Winning Is The Cardinal Rule Under Coach Arians

Created on Dec. 21, 2013 3:41 AM EST

Five years ago, the Arizona Cardinals made one of the more improbable runs in NFL history. After a white-hot start to the season in which the team won seven of its first 10 games, Arizona stumbled down the stretch, losing four of its last six. Thanks to a weaker division, however, the Cardinals (9-7) made the playoffs for the first time since 1998 as the No. 4 seed.

Once the playoffs began, things really seemed to click. The Cards defeated the Atlanta Falcons, Carolina Panthers and Philadelphia Eagles to earn their first ever trip to the Super Bowl.

Despite coming up short against the Pittsburgh Steelers, 27-23, the game marked a monumental moment in the team’s history and fans were clamoring to see what the defending NFC Champions would do over the course of the next few seasons.

Unfortunately, the years that followed never quite lived up to the high expectations of the fan base.

The Cardinals were again able to make the playoffs one season after their Super Bowl loss, but were blown out by the New Orleans Saints in the Divisional Round. In 2010, they won just five games, followed by eight in 2011 and five once again in 2012.

These lackluster performances prompted ownership to fire head coach Ken Whisenhunt and begin the search for someone with a fresh message to portray to the team.

That someone turned out to be Bruce Arians, who in a strange bit of irony was on the coaching staff responsible for ruining Arizona’s first Super Bowl appearance.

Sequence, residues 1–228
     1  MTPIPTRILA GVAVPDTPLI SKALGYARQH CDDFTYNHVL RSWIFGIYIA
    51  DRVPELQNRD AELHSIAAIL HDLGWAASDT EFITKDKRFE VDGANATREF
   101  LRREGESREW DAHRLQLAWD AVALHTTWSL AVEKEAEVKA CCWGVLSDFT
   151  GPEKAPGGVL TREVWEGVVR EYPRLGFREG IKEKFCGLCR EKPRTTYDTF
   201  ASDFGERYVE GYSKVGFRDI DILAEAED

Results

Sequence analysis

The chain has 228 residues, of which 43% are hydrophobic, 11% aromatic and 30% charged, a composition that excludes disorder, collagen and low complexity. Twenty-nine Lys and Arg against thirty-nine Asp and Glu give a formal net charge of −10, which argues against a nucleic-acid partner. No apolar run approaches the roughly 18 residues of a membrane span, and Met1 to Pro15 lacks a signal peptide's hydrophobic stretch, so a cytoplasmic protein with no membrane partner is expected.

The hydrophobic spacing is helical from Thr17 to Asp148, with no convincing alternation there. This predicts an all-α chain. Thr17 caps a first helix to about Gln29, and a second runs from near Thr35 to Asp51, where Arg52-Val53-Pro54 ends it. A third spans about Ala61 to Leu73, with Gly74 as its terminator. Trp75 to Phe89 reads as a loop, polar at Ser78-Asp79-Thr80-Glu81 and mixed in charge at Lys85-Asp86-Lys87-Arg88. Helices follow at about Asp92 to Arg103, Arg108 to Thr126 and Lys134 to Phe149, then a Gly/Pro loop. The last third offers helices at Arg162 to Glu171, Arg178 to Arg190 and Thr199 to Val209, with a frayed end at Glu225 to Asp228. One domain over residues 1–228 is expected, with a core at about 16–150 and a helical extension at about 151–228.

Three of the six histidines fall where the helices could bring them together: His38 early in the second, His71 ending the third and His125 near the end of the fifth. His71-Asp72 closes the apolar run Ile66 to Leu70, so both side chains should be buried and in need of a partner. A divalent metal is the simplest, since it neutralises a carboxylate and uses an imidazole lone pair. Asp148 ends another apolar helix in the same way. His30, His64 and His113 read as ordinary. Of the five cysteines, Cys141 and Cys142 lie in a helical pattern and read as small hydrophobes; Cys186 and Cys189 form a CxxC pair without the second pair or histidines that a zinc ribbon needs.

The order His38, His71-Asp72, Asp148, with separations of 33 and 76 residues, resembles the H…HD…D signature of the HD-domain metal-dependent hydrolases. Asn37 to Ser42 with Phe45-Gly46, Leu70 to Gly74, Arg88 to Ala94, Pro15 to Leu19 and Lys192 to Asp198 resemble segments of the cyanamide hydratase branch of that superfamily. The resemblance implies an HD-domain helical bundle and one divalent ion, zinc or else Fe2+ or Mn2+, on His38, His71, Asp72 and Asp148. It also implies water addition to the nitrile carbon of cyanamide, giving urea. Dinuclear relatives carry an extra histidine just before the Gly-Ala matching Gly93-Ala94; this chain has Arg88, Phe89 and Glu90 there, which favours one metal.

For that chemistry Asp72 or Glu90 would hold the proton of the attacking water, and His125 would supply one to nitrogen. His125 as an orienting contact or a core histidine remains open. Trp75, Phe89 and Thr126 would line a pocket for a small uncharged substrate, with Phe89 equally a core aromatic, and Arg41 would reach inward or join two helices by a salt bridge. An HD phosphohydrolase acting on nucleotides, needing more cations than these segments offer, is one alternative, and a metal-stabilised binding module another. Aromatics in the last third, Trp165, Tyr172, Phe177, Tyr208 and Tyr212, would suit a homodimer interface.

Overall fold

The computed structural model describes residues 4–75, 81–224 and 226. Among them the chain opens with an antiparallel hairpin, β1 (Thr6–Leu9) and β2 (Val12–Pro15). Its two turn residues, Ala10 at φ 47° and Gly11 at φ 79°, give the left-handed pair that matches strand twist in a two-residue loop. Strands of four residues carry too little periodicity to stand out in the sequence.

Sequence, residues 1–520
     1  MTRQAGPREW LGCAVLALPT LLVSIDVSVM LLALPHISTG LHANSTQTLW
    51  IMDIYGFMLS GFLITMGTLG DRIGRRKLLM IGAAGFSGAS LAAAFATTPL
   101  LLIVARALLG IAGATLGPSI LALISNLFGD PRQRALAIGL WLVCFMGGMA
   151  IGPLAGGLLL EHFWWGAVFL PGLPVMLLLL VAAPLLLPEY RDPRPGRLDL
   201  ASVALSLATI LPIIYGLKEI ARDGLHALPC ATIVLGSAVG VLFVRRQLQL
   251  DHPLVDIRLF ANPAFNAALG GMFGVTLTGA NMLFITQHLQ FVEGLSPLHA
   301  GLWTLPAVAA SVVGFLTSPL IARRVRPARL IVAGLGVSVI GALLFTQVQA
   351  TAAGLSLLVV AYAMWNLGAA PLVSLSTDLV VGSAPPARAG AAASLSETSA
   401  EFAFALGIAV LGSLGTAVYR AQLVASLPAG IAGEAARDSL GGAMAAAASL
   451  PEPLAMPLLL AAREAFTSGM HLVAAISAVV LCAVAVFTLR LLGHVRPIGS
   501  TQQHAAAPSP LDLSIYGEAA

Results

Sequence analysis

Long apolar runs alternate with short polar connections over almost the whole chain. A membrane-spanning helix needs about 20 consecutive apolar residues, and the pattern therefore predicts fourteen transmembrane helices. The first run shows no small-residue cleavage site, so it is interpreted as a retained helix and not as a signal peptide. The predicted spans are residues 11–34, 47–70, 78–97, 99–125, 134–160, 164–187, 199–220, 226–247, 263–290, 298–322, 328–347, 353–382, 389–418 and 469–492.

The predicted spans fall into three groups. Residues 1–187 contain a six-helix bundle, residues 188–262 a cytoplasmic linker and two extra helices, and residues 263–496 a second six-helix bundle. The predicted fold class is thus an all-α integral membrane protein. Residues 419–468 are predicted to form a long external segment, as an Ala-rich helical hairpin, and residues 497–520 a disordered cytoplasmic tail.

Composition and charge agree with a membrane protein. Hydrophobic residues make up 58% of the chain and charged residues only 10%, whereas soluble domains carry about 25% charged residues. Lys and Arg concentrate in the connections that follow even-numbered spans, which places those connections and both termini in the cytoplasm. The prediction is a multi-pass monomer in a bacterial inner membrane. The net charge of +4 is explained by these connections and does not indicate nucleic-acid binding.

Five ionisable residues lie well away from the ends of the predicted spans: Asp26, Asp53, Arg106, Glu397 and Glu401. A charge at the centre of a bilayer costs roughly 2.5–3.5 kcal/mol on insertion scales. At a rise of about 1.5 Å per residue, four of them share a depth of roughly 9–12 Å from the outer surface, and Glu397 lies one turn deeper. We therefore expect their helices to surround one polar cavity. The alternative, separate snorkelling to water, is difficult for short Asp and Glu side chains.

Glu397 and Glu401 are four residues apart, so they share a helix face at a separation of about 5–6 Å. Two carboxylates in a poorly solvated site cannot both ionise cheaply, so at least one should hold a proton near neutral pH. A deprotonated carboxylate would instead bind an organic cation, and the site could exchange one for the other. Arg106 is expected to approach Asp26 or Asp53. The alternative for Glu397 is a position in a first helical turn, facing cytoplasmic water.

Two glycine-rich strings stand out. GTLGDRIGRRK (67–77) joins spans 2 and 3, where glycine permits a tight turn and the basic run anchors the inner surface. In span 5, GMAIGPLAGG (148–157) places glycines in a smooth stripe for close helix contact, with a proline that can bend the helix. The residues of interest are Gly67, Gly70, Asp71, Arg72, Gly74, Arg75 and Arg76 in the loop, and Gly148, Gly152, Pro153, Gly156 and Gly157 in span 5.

After his time in Pittsburgh came to an end, Arians was hired to become the offensive coordinator of the Indianapolis Colts in 2012. After Indy’s Week 4 bye, however, he was quickly thrust into the lead role when head coach Chuck Pagano was diagnosed with leukemia and forced to take a leave of absence for treatment. With Arians calling the shots, the young Colts stayed strong, finished the season 11-5 and clinched their first post-Manning playoff berth.

His leadership in the face of adversity was enough to not only earn Arians Coach of the Year honors, but also the chance to be an NFL head coach when Arizona came knocking.

Under Arians’ tutelage, the Cardinals have rebounded quite nicely and are playing their best football in a few seasons. With just two games remaining, Arizona is 8-5 and has a legitimate chance to clinch its first playoff berth in four years.

It is not just his philosophy that has turned the Cards around, but also the way Arians is able to get the most out of his players.

With Arians at the helm, veteran QB Carson Palmer has experienced a bit of a renaissance during his first season in the desert. He currently has 3,689 yards passing with 21 touchdowns and has completed 64.5 percent of his throws, his best mark since 2007.

Rookie RB Andre Ellington out of Clemson has added a dimension to the offense that the Cardinals have not had for a while. Ellington has 558 rushing yards with three scores and boasts an impressive 5.9 yards per carry.

WR Michael Floyd has also come on strong this year, recording 58 catches for 919 yards and has found the end zone six times. The second-year wideout is Arizona’s leading receiver, and along with Pro Bowl WR Larry Fitzgerald, forms one of the more formidable duos in the NFL.

Despite the spectacular job Arians has done building the Cardinals into a contender once again, there is still a chance the team could miss the playoffs this year.

In order to make the tournament that eludes most teams on an annual basis, Arizona must win out and the Panthers have to lose one of their final two. If the Cards falter and drop one of their last two matchups, Carolina would have to lose both of their remaining games.

Whether or not the stars align for the Cardinals this year, Arians does have his team headed in the right direction. Arizona is poised to be in the thick of things for seasons to come.

Who knows, maybe another improbable run is in the cards. 

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